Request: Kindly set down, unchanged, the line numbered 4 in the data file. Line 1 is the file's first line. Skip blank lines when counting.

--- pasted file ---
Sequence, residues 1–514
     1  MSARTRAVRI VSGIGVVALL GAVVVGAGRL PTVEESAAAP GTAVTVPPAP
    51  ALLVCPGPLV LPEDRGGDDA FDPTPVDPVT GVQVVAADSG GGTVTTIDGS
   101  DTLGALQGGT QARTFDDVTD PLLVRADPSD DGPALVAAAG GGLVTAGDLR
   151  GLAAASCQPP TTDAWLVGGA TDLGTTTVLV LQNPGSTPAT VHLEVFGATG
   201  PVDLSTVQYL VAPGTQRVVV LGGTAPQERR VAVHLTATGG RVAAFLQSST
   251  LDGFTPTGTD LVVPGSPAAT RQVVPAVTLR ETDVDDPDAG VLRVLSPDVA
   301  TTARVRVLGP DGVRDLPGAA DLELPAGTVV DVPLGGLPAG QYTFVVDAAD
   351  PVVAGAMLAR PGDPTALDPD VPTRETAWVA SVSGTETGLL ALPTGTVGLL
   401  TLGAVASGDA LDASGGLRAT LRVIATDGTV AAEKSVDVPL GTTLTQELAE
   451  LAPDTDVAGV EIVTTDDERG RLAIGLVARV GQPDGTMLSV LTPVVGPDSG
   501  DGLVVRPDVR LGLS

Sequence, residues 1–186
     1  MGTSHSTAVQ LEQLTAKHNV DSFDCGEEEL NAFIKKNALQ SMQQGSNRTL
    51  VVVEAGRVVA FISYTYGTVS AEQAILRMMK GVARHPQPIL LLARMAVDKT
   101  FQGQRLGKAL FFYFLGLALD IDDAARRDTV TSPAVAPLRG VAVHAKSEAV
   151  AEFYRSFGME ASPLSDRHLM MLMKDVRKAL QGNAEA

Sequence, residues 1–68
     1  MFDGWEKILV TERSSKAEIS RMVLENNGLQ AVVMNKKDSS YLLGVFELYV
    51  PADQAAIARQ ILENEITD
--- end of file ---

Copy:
   101  DTLGALQGGT QARTFDDVTD PLLVRADPSD DGPALVAAAG GGLVTAGDLR